No rain, no problem . . . .
“In the land of the blind, the one-eyed man is king”!
A common quote that is believed to be of Latin origin and attributed to Desiderius Erasmus sums up early season steelhead anglers. Simply put in a place where there are no talent at all, the person with even poor talent is regarded highly. Enter Regis and Jack – founts of useless information with just enough talent to make the cut.
Here is what Regis and I do to catch a few steelhead when early season water/weather fishing conditions are suited more for bass than steelhead.
When you are faced with an early season weather chart like the one pictured, there is no reason to be optimistic. Air temperatures too high and below average rainfall combine to eliminate an early start to the steelhead run, and any chance for easy to catch steelhead. There is however a glimmer of hope that "one-eyed kings" clearly see – wind direction. That weather element can be used to your advantage.
A stiff wind out of the north creates pounding surf that churns the lake shore, creates off-color water and makes it impossible to fish Trout Run or Godfrey Run. Even the Walnut Creek pier gets over-run with waves crashing into the channel. Those winds of change bring opportunity.
Because many steelhead are staging close to the lakeshore waiting for fall rains to trigger the run, these fish are susceptible to catching a ride on the heavy surf, and ending up in locations where anglers can reach them.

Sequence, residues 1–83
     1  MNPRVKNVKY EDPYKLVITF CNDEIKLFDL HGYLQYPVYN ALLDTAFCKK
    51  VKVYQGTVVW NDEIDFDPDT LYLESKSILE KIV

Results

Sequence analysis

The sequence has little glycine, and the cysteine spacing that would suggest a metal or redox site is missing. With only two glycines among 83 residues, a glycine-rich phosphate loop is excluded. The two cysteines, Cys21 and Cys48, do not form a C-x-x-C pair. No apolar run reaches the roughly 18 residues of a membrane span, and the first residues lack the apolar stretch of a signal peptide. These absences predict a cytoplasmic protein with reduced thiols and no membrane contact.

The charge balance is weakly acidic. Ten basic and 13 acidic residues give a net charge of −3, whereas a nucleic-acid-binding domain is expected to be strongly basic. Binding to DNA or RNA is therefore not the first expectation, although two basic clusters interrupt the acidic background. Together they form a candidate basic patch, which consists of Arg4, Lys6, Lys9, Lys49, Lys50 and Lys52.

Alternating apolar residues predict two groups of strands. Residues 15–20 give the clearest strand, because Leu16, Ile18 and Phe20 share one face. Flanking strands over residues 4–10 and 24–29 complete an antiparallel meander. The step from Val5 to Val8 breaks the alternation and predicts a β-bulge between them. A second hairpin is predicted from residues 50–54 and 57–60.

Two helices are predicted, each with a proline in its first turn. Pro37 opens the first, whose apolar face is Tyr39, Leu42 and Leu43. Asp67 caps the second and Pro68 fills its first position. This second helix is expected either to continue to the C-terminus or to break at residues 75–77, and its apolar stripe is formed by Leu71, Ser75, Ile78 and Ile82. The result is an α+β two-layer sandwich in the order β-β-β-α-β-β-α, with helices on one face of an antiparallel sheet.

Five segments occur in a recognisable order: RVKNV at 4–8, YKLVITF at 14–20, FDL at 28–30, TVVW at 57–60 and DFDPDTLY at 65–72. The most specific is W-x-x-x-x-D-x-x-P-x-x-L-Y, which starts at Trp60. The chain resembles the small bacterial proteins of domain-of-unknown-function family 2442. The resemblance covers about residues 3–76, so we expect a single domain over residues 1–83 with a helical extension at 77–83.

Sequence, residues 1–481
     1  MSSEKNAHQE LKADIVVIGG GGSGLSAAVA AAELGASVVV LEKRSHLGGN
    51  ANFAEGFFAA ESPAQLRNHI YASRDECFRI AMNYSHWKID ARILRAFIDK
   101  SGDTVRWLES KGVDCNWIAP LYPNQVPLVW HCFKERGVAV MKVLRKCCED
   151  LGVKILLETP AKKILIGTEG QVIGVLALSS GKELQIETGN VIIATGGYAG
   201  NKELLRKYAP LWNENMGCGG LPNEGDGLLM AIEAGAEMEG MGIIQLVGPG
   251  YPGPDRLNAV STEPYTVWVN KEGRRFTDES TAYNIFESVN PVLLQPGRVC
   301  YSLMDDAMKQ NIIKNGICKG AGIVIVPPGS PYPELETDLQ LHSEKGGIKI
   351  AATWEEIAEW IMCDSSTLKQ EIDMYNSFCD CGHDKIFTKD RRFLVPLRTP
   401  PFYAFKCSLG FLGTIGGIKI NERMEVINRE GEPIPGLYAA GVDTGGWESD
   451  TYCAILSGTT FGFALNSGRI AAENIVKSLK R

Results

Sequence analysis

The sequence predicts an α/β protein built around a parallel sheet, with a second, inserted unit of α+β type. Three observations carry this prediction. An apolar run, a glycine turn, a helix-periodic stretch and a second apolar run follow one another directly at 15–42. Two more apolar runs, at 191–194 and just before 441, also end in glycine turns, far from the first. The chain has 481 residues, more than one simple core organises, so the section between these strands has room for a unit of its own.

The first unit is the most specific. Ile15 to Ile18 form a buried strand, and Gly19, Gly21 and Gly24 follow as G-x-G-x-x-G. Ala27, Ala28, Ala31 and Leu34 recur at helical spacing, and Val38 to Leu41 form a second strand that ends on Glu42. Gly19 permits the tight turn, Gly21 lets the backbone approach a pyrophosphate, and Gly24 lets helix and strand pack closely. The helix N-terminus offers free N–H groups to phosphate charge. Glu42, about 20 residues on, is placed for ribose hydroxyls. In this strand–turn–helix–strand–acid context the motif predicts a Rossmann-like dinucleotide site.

Fishing locations like the upper end of Walnut Creek channel and often around the bend upstream to the stop sign hole hold early season wind-driven steelhead. Fishing where the waves subside and the off-color water clears can be a good place to make a few casts.
Rising lake level makes lower Elk Creek look more like a lake bay than a stream mouth. That slow moving nearly stagnant waterway holds wind driven steehead when a big blow comes out of the north. Tossing a little Cleo on the flats below the mud hole could give you an opportunity to use that new smoker.
So when you are weary of waiting for rain to pull fish upstream to your honey hole, dress warm and head to the Walnut Creek Channel or lower Elk Creek to fish the “chop”!
You can use reaction baits like spoons or fast-jig soft plastic minnows to trigger a bite, or use a slip sinker rig and fish floating egg sacs on the bottom.
Will you catch fish? Perhaps you will, but a nasty wind-burn is a given!
If this post creates more questions in your mind, drop a note to